Inuit Education and Schools in the Eastern Arctic

Author: Heather E. McGregor

Publisher: UBC Press

ISBN: 9780774859493

Category: Education

Page: 240

View: 426

Since the mid-twentieth century, sustained contact between Inuit and newcomers has led to profound changes in education in the Eastern Arctic, including the experience of colonization and progress toward the re-establishment of traditional education in schools. Heather McGregor assesses developments in the history of education in four periods � the traditional, the colonial (1945-70), the territorial (1971-81), and the local (1982-99). She concludes that education is most successful when Inuit involvement and local control support a system reflecting Inuit culture and visions.
Inuit Education and Formal Schooling in the Eastern Arctic

Author: Heather Elizabeth McGregor

Publisher:

ISBN: OCLC:261175461

Category: Education and state

Page: 450

View: 106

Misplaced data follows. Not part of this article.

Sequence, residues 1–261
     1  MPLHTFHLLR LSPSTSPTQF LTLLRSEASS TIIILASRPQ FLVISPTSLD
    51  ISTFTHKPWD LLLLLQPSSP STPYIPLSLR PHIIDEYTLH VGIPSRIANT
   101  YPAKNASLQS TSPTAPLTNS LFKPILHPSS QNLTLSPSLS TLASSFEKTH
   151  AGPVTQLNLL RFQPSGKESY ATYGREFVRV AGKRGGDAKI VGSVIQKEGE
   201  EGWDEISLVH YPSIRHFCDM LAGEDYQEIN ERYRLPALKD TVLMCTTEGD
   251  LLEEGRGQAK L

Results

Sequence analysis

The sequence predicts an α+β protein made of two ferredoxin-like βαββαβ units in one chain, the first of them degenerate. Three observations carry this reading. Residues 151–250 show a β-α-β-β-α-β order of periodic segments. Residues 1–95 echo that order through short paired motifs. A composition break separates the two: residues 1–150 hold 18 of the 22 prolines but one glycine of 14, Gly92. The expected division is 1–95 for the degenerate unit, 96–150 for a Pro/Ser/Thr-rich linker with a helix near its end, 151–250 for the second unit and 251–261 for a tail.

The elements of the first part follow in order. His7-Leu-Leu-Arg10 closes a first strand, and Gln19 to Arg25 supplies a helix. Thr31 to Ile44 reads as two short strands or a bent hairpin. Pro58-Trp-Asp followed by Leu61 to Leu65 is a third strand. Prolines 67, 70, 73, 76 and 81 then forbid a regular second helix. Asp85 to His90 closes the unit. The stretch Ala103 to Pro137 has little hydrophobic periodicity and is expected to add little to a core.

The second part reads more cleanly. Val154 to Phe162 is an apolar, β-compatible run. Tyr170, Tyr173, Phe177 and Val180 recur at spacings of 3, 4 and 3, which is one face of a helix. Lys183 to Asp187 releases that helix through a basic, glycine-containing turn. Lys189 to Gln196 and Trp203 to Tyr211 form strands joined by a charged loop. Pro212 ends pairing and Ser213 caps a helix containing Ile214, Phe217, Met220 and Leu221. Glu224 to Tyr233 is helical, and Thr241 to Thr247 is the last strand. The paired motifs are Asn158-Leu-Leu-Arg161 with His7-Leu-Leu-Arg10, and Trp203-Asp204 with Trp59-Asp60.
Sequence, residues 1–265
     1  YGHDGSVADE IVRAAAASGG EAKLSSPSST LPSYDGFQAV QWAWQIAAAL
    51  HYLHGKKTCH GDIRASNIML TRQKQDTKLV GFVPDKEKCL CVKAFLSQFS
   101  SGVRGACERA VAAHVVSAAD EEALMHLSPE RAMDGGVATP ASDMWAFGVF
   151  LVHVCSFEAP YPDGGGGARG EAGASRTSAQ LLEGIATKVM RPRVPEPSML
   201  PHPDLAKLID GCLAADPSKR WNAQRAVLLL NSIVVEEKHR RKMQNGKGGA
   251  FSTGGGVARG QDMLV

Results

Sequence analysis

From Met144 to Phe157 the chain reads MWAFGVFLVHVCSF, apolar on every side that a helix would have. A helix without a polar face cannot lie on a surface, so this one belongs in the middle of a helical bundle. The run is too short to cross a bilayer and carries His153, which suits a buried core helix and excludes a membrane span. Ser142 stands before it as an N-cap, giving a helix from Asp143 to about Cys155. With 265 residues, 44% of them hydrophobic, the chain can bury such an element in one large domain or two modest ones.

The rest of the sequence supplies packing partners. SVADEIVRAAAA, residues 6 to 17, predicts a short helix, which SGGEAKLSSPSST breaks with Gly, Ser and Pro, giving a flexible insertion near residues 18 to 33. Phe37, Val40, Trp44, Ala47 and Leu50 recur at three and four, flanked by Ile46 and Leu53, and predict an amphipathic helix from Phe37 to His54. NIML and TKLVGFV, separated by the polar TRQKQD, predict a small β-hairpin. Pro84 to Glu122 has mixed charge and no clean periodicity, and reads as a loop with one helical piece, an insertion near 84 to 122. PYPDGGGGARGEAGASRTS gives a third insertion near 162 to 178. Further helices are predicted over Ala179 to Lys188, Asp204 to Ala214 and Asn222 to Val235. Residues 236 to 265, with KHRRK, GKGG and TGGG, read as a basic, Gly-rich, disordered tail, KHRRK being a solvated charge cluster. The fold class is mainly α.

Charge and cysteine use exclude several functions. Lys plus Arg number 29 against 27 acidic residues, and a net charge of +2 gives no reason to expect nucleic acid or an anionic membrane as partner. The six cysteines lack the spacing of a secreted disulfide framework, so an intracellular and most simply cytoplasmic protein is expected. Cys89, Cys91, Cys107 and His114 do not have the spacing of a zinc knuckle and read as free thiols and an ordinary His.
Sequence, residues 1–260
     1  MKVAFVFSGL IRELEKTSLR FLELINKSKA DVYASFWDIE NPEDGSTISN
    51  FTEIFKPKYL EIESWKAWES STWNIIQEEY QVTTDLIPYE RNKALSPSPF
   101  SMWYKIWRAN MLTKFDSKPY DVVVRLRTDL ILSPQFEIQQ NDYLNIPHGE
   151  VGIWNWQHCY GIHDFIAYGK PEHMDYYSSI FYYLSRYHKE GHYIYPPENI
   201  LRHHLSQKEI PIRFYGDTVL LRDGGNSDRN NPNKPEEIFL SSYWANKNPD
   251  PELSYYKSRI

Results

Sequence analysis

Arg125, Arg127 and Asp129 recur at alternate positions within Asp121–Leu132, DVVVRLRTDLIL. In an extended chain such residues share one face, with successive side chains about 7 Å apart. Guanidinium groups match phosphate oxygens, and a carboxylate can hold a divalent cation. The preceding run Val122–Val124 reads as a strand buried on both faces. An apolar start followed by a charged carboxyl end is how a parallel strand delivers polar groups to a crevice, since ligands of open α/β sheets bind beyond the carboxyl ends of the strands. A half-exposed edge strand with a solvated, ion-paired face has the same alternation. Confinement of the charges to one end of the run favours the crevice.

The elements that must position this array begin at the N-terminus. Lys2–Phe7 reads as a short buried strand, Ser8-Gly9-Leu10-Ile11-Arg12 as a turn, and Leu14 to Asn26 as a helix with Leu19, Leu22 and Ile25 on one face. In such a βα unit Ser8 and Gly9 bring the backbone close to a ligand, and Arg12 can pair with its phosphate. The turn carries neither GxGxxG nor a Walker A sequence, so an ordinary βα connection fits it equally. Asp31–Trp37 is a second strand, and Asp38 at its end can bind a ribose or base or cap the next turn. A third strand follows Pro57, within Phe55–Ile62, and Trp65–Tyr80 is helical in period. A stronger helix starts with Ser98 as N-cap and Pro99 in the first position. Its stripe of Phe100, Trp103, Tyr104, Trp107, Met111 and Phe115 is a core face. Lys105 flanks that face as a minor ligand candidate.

Profound changes in education accompanied sustained contact between Inuit and Qallunaat, or non-Inuit, in the 20th century. A definition of "Inuit Education" is established here, and through four periods--the Traditional, Colonial, Territorial and Local--this history will investigate: aspects of Inuit Education employed in formal schools, their purpose and success; the relationship between Inuit Education and the Qallunaat system of schooling; and exploration of who initiated and controlled educational change. During the Local Period, 1985--1999, most educational decision-making occurred at the level of district education authorities and regional school boards, focusing on the re-establishment of Inuit Education within the formal school system. These mechanisms of local control brought about a form of education widely contributed to, and supported by, Inuit. As this thesis will demonstrate, it was this approach to education that had the best capacity to reflect Inuit culture, their relationship with the environment, and their vision of the future.